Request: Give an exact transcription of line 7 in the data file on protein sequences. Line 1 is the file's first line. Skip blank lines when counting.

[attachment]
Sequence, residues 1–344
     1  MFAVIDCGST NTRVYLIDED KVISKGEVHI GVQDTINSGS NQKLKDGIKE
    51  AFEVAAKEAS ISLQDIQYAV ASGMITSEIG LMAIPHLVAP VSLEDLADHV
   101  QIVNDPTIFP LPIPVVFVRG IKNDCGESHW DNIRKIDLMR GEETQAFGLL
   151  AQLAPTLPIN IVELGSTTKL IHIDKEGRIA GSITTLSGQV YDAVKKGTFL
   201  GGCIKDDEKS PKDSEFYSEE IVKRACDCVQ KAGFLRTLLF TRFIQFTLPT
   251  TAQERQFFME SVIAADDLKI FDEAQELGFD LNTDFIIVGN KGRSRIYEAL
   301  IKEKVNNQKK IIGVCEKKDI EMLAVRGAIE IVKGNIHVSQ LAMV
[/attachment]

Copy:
   251  TAQERQFFME SVIAADDLKI FDEAQELGFD LNTDFIIVGN KGRSRIYEAL